On Thursday, July 23rd, the Dune Book Club met and discussed God Emperor of Dune, the fourth book in Frank Herbert’s Dune Saga.
God Emperor of Dune is probably one of the hardest of Herbert’s six books to get into. So, if you didn’t finish it, don’t fret, you’re not alone. This brief review will get you caught up so that you can jump right to Heretics of Dune, which stands in stark contrast to God Emperor. Compared to Dune, Dune Messiah, and Children of Dune, there is relatively little action in God Emperor of Dune and significantly more philosophizing. Chronologically, God Emperor takes a 3,500 year leap into the future from where Children of Dune leaves off. Leto II, Paul’s son, now fully merged with the sand trout, has become a seemingly invincible, all-knowing, human/sandworm hybrid. Over the past 3,500 years, Leto has forced humanity into subjugation, thwarting all attempts to overthrow him in order to keep humanity on what he refers to as “The Golden Path.” Duncan Idaho, thanks to Bene Tleilaxian cloning technology, has been resurrected as a Ghola thousands of times to serve as Leto’s constant companion and a kind of anchor to the shorter time span on which his subjects function (compared to the massive time scale on which Leto functions).
(Spoilers begin now) With the assistance of the latest Duncan Ghola, Siona (the result of a millennia-long guiding breeding beginning with the union of Leto’s twin sister Ghanima and Farad’n Corrino) assassinates Leto, sending him to the bottom of a ravine where the sand trout detach from his body and dissipate into the sand–which turns out to be part of Leto’s Golden Path. The results of his death are varied and include a severe depletion of spice, the introduction of humans who are immune to prescience, and the scattering of people to new worlds as humanity tries to rebuild out of the shadow of the tyrant Leto. The introduction of “no-” machines means that many people can be shielding from prescience, and with the thousands sons and daughters of Duncan and Siona, humanity is on it’s way to never being ruled by future sight ever again. (Spoilers end now)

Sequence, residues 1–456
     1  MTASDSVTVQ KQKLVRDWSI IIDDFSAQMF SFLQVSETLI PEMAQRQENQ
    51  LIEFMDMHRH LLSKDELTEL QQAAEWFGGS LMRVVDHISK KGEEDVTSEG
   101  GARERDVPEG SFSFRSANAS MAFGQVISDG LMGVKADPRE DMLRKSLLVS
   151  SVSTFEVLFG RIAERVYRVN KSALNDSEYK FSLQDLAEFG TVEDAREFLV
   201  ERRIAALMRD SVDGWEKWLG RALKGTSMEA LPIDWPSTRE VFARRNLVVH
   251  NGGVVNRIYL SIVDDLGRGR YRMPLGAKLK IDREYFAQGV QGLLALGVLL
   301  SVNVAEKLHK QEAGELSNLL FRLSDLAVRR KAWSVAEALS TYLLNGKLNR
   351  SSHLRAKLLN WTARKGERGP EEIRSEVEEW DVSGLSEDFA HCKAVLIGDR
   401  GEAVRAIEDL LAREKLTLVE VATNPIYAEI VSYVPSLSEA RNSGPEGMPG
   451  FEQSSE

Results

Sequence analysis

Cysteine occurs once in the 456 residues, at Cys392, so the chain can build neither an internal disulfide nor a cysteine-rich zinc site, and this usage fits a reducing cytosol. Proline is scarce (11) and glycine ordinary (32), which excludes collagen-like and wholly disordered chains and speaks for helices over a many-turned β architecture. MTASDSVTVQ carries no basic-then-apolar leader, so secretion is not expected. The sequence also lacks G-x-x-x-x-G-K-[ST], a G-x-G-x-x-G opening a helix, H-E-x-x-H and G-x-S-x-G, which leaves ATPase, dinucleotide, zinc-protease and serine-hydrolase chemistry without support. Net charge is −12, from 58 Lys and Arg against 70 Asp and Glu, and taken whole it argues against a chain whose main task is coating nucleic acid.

For anyone who had a hard time getting through this book, I truly understand. Though it is my second favorite in the series, it is not for most people. It’s very philosophical and much slower paced than the other books. Leto does A LOT of talking and it can sometimes seem like he’s saying the same thing over again. However, I think it may be the most important book in the series because it sets up the whole second half of Herbert’s narrative and really gives you great insight into what the whole Dune Saga is about. It’s very rewarding if you’re able to get past the tedium, and most importantly it gets you into the next book, Heretics of Dune, which is my favorite book of the six.
Our next meeting is on August 27th at 7pm at which we’ll be discussing Heretics of Dune. Happy reading!